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The Measure of a Man: A Spiritual Autobiography (Oprah's Book Club) Paperback – January 26, 2007
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"Enlightenment Now: The Case for Reason, Science, Humanism, and Progress"
Is the world really falling apart? Is the ideal of progress obsolete? Cognitive scientist and public intellectual Steven Pinker urges us to step back from the gory headlines and prophecies of doom, and instead, follow the data: In seventy-five jaw-dropping graphs, Pinker shows that life, health, prosperity, safety, peace, knowledge, and happiness are on the rise. Learn more
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I have no wish to play the pontificating fool, pretending that I've suddenly come up with the answers to all life's questions. Quite that contrary, I began this book as an exploration, an exercise in self-questing. In other words, I wanted to find out, as I looked back at a long and complicated life, with many twists and turns, how well I've done at measuring up to the values I myself have set."
In this luminous memoir, a true American icon looks back on his celebrated life and career. His body of work is arguably the most morally significant in cinematic history, and the power and influence of that work are indicative of the character of the man behind the many storied roles. Sidney Poitier here explores these elements of character and personal values to take his own measure—as a man, as a husband and a father, and as an actor.
Poitier credits his parents and his childhood on tiny Cat Island in the Bahamas for equipping him with the unflinching sense of right and wrong and of self-worth that he has never surrendered and that have dramatically shaped his world. "In the kind of place where I grew up," recalls Poitier, "what's coming at you is the sound of the sea and the smell of the wind and momma's voice and the voice of your dad and the craziness of your brothers and sisters...and that's it." Without television, radio, and material distractions to obscure what matters most, he could enjoy the simple things, endure the long commitments, and find true meaning in his life.
Poitier was uncompromising as he pursued a personal and public life that would honor his upbringing and the invaluable legacy of his parents. Just a few years after his introduction to indoor plumbing and the automobile, Poitier broke racial barrier after racial barrier to launch a pioneering acting career. Committed to the notion that what one does for a living articulates to who one is, Poitier played only forceful and affecting characters who said something positive, useful, and lasting about the human condition.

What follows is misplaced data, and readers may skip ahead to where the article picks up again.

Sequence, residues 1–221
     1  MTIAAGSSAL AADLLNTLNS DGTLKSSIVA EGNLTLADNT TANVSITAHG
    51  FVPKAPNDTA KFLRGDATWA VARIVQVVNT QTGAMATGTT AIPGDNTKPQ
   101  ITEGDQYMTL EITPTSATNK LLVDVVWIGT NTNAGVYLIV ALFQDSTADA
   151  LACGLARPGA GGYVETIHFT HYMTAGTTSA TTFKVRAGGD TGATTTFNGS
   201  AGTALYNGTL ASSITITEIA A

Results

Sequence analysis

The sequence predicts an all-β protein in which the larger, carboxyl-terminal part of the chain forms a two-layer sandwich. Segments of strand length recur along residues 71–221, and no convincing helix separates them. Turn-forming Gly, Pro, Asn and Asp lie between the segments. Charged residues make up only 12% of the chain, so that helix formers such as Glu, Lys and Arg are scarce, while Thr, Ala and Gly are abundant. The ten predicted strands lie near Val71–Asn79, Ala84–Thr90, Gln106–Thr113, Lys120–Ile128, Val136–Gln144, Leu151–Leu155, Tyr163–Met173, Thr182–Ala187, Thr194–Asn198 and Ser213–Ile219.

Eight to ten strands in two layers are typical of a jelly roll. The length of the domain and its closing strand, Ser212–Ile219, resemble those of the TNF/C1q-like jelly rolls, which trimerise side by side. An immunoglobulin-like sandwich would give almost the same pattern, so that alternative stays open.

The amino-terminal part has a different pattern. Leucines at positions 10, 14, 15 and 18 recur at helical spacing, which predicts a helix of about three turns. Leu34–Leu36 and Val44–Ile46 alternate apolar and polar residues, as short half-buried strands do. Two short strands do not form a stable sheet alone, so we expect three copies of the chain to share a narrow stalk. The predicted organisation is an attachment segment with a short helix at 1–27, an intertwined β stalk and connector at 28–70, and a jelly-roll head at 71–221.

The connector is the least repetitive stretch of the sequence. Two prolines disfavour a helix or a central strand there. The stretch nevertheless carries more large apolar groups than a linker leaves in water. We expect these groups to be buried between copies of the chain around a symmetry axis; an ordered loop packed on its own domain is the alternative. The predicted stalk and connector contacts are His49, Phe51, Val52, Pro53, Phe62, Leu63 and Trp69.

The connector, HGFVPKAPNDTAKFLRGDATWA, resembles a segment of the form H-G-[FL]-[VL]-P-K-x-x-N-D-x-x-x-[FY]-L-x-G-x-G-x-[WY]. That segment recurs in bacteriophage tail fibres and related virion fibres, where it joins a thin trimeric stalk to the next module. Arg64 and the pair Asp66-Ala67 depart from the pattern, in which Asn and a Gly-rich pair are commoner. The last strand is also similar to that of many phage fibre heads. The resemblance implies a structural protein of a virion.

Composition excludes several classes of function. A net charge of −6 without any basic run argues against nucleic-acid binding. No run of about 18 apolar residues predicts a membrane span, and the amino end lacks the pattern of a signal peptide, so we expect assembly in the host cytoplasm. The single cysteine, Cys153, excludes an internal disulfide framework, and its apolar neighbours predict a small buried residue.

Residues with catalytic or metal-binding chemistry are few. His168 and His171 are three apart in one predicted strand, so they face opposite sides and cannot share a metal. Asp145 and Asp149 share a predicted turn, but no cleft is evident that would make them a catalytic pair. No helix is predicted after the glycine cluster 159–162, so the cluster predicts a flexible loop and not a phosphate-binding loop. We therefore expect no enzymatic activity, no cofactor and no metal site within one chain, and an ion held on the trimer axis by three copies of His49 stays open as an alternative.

Here is Poitier's own introspective look at what has informed his performances and his life. Poitier explores the nature of sacrifice and commitment, price and humility, rage and forgiveness, and paying the price for artistic integrity. What emerges is a picture of a man in the face of limits—his own and the world's. A triumph of the spirit, The Measure of a Man captures the essential Poitier.
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The book promised to be very interesting from the onset, but I felt it did not really deliver the spiritual message I was hoping for. The book is really a biography of Poitier's life, especially his early years. He moves forward and back through his life, recounting stories from his adult as well as young years, and I found this shifting back and forth between his early and adult life a bit confusing. Had he recounted his life in a linear fashion I would have absorbed the book better (but this is just a personal preference).
I really enjoyed reading about his early life, especially when his parents thought he would die when he was a baby, and his father brought a shoe box to bury him in it. The struggles he went through as a child, and his relationship with his mother, who used to beat him, were also very interesting.
I did lose interest half way throughout the book, but I continued reading. I did regain interest three quarters of the way through, but still I did not understand the spiritual message he was trying to convey.
He mentions a movie part he did not accept to play, at the surprise of all, but later explains that it was the measure of a man inside him that prevented him from taking the part. He just felt that the character he was supposed to play was too weak, and therefore did not represent the true measure of a man. Thus the title of the book.
I recommend you listen to the audiobook read by Poitier. I found the audiobook more interesting than the book. There is a certain effect on the soul when listening to the voice of the author than reading his written words (I ended up finishing the book by listening to the audiobook while walking every morning). Imagine of you can actually hear the voice of Jesus instead of reading his words!
There is a lot of acting in the author's voice in the audio version. The author does not simply read the words, but actually acts on the words. It is a different experience.
I also liked the author's conversational style, as if he is talking directly to you. For example, he says things like, "You understand? You follow?..."
I liked this book, and found Poitier's life very interesting. However, I was disappointed by his spiritual message.
I thought it was a bit slow moving. But, nonetheless an inspiring read.